INDIANAPOLIS — As Drew Gooden made his presence known in the paint, Al Harrington made shot after shot and fans chanted Andre Miller's name before stepping to the line for a pair of free throws, one thing was clear Sunday in the Washington Wizards' Game 4 second-round loss to the Indiana Pacers.
The old guys still have it.
"I think we demonstrated that last game — that this is what it's gonna take to win these ballgames," Gooden said Tuesday morning. "You can either do it vocally, or you can do it physically."
The emergence of the Wizards' bench this season was instrumental in their success, but the team didn't just find any ordinary player to round out its cast of 15. With John Wall and Bradley Beal figuring to emerge as one of the league's brightest young backcourts, and veterans Nenê and Trevor Ariza staking their claim to starting roles, Washington traded for Marcin Gortat and signed Harrington before the season, then added Miller via trade and picked up Gooden late.
Now, Washington is set to find itself at a crossroads during the coming offseason. Four of those veterans — Gortat, Ariza, Harrington and Gooden — are set to become unrestricted free agents. A fifth, Miller, will be in the option year of his contract, leaving his return equally uncertain.
The debate will then center on whether Wall and Beal are ready to claim their leadership on the team, and if Trevor Booker and Otto Porter are ready to assume vital roles in the rotation — potentially even as starters.
Wall, who was selected to play in the All-Star game in February for the first time in his four-year career, has assumed a role in the locker room as the team's captain. Beal, a budding star in his own right, has emerged as a reliable scorer this season, and his poise and assertion during the playoffs have signaled that he, too, is capable of being a respected voice in the locker room despite being just 20 years old.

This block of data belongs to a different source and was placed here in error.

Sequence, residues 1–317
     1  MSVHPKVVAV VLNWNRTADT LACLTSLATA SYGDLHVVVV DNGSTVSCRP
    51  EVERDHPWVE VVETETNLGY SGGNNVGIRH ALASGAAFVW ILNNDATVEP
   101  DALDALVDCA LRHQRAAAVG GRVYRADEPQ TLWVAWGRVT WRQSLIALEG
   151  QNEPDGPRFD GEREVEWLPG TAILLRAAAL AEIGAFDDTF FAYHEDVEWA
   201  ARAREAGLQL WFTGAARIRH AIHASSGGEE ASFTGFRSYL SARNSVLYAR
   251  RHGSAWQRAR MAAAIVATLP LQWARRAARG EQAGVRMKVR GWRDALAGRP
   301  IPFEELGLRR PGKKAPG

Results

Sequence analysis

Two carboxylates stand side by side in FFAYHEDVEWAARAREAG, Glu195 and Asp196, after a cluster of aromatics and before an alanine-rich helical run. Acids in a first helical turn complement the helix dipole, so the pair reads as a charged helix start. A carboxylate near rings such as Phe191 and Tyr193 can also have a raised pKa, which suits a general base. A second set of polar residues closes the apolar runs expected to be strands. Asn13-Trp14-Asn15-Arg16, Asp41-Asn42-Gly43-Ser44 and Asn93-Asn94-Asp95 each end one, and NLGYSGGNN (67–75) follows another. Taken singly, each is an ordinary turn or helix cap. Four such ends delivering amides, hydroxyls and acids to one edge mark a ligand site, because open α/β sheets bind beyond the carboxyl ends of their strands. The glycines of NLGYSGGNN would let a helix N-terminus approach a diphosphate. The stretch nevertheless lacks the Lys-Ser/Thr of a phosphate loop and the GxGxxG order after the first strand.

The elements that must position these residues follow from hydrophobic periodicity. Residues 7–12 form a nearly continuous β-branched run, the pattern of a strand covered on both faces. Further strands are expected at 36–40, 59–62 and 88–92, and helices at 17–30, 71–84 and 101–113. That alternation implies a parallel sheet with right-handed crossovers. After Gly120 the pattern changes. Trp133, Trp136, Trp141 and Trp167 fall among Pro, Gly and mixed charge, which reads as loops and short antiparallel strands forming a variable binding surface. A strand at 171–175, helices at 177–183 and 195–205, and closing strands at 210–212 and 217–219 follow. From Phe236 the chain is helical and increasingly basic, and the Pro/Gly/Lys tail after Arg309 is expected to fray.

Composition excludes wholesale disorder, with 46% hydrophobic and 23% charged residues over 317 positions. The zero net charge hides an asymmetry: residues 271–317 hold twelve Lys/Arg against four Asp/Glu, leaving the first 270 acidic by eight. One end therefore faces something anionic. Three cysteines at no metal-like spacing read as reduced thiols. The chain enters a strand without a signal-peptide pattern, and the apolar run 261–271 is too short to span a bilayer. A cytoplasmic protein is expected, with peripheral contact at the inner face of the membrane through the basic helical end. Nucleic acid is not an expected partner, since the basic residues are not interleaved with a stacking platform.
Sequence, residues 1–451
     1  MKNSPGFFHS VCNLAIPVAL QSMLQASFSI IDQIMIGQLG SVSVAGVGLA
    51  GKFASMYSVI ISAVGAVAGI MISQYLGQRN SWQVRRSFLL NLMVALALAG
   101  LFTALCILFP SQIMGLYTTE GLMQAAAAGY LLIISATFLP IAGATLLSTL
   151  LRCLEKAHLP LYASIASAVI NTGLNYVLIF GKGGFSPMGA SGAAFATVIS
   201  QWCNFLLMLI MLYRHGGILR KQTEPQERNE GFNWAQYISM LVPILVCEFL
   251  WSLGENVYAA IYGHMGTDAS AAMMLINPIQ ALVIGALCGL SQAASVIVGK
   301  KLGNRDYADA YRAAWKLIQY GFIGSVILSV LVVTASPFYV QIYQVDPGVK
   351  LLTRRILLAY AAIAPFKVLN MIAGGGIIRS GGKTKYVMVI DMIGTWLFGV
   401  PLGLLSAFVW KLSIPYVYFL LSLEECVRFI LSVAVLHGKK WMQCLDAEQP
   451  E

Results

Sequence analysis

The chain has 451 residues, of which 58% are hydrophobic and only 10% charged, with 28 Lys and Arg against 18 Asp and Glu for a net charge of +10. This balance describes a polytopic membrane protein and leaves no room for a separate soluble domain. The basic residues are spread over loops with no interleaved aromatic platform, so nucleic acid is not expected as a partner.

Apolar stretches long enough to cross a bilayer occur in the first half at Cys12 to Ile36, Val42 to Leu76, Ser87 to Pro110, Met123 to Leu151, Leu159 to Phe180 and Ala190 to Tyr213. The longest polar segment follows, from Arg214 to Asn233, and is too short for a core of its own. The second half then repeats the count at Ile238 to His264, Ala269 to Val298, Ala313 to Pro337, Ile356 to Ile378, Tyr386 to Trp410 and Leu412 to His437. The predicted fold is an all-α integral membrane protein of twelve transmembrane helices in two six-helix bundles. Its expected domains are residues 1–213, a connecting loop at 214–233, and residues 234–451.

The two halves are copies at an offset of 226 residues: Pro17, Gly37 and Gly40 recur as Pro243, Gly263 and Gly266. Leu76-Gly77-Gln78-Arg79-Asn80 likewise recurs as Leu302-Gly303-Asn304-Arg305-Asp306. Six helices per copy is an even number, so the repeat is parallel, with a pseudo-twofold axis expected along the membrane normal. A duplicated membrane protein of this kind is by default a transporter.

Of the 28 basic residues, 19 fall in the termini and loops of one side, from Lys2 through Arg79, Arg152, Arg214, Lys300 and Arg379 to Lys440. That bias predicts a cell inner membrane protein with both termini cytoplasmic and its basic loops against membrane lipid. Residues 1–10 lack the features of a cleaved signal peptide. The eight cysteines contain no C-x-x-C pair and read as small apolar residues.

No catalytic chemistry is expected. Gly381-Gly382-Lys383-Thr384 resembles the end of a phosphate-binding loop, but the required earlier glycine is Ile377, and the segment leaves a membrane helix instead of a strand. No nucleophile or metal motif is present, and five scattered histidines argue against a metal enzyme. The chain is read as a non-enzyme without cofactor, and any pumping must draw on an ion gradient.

The futures for Booker and Porter aren't as clear. Booker demonstrated he can be a force in the paint, stepping into a starting role late in the season when Nenê sprained the MCL in his left knee, but fell to the bottom of the rotation in the series against the Pacers, failing to see the court in the Wizards' Game 4 loss as Gooden consumed his minutes.
Porter, injured early in the season, rarely cracked the rotation and saw his most significant minutes in the final month. The former No. 3 overall pick's only foray onto the court during the playoffs was when the Wizards were routed in Game 3, with Porter entering the game with 1:32 remaining.
As the second quarter of Game 4 demonstrated, there's a value beyond keeping experienced players on the roster merely as mentors. If a team scouts and signs the right ones, they can play, too.
"I think that's big," Wall said. "Early in the season, we didn't have that. Our bench would struggle a lot, and when we added [Gooden and Miller later on] and Al got back to being healthy, that kind of helped our team. We knew we wanted to be a good team, and to have a chance to win a lot of games, you've got to have a good bench. That's what we had ever since we added those guys and they came in and started playing well together."
Gortat, traded from the Phoenix Suns to Washington a week before the regular season began, could tell immediately upon stepping foot in the locker room that there was an opportunity to impart his six years of wisdom upon the youthful Wizards — especially Booker, Kevin Seraphin and Jan Vesely, who was traded to the Denver Nuggets in February in the deal that brought back Miller.
"Still, it's one thing to have veterans on the team, and the other thing is young guys have got to be able to use the knowledge of veterans' knowledge and be able to transfer that on the court later," Gortat said. "It's not only the veterans' side that they have go and talk to the young guys, but also, young guys have to listen."
Wall and Beal have. Wall, in particular, has spoken highly of Miller during his time with the Wizards and has tried to incorporate various aspects of the veteran's game, such as Miller's willingness to back guards down into the low post, into his own repertoire.
The veterans' biggest message to the younger players before the postseason was to soak in the experience, hoping the lessons would carry over to future years and similar circumstances.
"As a young guy, I'm really just following suit," Beal said. "I'm learning a lot from them, just what it takes to be able to win, and the focus and mentality that you need to have going into this game."
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